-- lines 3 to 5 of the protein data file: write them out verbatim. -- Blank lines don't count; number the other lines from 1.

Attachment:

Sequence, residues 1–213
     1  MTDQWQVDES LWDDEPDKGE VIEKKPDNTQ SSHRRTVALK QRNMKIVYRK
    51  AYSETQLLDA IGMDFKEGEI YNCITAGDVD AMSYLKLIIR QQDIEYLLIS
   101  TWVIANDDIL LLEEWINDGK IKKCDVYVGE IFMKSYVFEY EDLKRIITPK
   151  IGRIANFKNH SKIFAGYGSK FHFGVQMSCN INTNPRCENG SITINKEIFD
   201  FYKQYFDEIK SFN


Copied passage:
    51  AYSETQLLDA IGMDFKEGEI YNCITAGDVD AMSYLKLIIR QQDIEYLLIS
   101  TWVIANDDIL LLEEWINDGK IKKCDVYVGE IFMKSYVFEY EDLKRIITPK
   151  IGRIANFKNH SKIFAGYGSK FHFGVQMSCN INTNPRCENG SITINKEIFD